Michigan Copper in the Mediterranean
(Isle Royale and Keweenaw Peninsula, c. 2400BC-1200 BC)
the smelting of (roasted) ores. We therefore can eliminate the conclusion that the ingots consist of as-smelted raw copper from a smelting furnace. Most of the ore available on Cyprus is of chalcopyritic composition, and relics of sulfides are quite difficult to completely remove, yet this mixed sulfide does not occur in the copper ingots.”
The Hauptman study concludes that “from a chemical point of view, the purity of the ingots is extraordinary in comparison with other sorts of copper from Wadi Arabah (high lead), from the Caucasus (high arsenic), from Oman (high arsenic and nickel). The ingots are made of pure copper, and all the ingots show a homogeneous composition. From our metallographic investigations, we are able to exclude a conscious purification or even a refining process to produce the ingots. We see few indications that bronze scrap could have been added, due to the very low tin concentration, and would not include gas bubbles and slag inclusions. The ingots provide an explanation for the previously vexing question of how an ingot of a metal as ductile as copper could have been broken up into small pieces such as those excavated by the hundreds in Sardinia. Two characteristics of the Uluburun ingots stand out – the presence of a substantial degree of porosity, and a high concentration of copper oxide inclusions, which made it brittle. Simply dropping the ingots onto a hard surface would easily shatter the ingots.”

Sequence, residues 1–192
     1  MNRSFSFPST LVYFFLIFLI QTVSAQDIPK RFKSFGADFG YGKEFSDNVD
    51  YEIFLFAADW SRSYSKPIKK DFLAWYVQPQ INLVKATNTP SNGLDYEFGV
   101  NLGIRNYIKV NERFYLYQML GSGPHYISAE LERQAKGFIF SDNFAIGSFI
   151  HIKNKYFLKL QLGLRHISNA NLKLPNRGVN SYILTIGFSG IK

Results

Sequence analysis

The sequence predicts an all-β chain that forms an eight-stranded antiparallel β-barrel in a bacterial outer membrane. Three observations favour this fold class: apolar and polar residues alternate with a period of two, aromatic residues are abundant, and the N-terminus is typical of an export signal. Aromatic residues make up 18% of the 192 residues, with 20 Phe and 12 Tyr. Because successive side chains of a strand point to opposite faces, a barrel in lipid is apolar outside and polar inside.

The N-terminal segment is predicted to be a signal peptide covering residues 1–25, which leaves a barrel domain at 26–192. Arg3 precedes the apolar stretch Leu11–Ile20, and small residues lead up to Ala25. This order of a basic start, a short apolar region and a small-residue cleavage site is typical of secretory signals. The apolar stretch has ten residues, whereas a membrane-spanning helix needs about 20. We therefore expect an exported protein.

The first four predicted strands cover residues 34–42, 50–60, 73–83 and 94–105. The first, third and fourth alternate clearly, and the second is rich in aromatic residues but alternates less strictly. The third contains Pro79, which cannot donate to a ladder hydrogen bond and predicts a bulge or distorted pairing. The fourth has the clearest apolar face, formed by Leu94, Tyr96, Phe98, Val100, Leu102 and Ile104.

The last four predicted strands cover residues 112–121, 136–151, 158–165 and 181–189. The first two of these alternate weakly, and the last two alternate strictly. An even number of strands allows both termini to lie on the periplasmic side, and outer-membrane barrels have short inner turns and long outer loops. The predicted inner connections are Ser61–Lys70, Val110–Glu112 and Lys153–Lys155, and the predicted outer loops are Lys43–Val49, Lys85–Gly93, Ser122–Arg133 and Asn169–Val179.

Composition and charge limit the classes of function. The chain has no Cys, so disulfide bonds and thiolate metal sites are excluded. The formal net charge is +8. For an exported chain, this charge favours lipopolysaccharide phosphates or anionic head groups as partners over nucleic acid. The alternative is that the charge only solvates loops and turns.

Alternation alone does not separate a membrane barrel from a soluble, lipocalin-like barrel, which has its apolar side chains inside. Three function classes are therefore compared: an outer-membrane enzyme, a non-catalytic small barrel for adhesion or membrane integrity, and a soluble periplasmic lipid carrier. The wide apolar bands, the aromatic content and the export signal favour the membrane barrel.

A 32 page 1995 study by Budd et al (Ref.55), reviewed all the work to date, and says “all the oxhide ingots are composed of essentially pure copper… No meaningful conclusions on provenance can currently be drawn from a consideration of trace element data for oxhide ingots, ores, and artifacts on Cyprus or Sardinia … It is no surprise that the only oxhide ingot mold ever found, at Ras Ibn Hani, Syria, in 1983 was surrounded by droplets bearing the same isotope signature as the vast majority of the oxhide ingots. The 1989 (Ref.35) Gale report concludes that the Aghia Triadha ingots on Crete “are certainly not made of Cypriot copper”, and the copper source could not be identified. Dickinson, author of the Aegean Bronze Age (Ref. 1 ) “From outside the Aegean came … oxhide ingots. These have all, when tested, proved to be non-Aegean metal.”
Where did the copper go?
Enormous orders for bronze weapons are recorded on excavated Bronze Age clay tablets, for swords in the tens of thousands. The Roman soldier is said to have worn up to 48 pounds of bronze in his uniform. Armies throughout the ancient world were equipped with bronze weapons. Statues and musical instruments, chariots, furniture and vases were made of copper and bronze. Even rooms were lined with copper and bronze. After the bronze Colossus of Rhodes was destroyed in an earthquake in 226 B.c., it was sold to a merchant, who used almost 1,000 camels to ship the pieces to Syria (Ref.l3). “From only 5% of the Karum Kanesh tablets, we already know of 110 donkey loads carrying 15 tons of tin into Anatolia, enough to produce (at 5-7% tin content) 200 to 300 tons of bronze.”(Ref.23).
A variety of cultural groups were involved in the mining, shipping, and trading of copper, among them the Egyptians, the Megalithic peoples of the western coast of Europe, the Atlanteans, and the Minoans. The Minoans have the reputation of controlling the copper…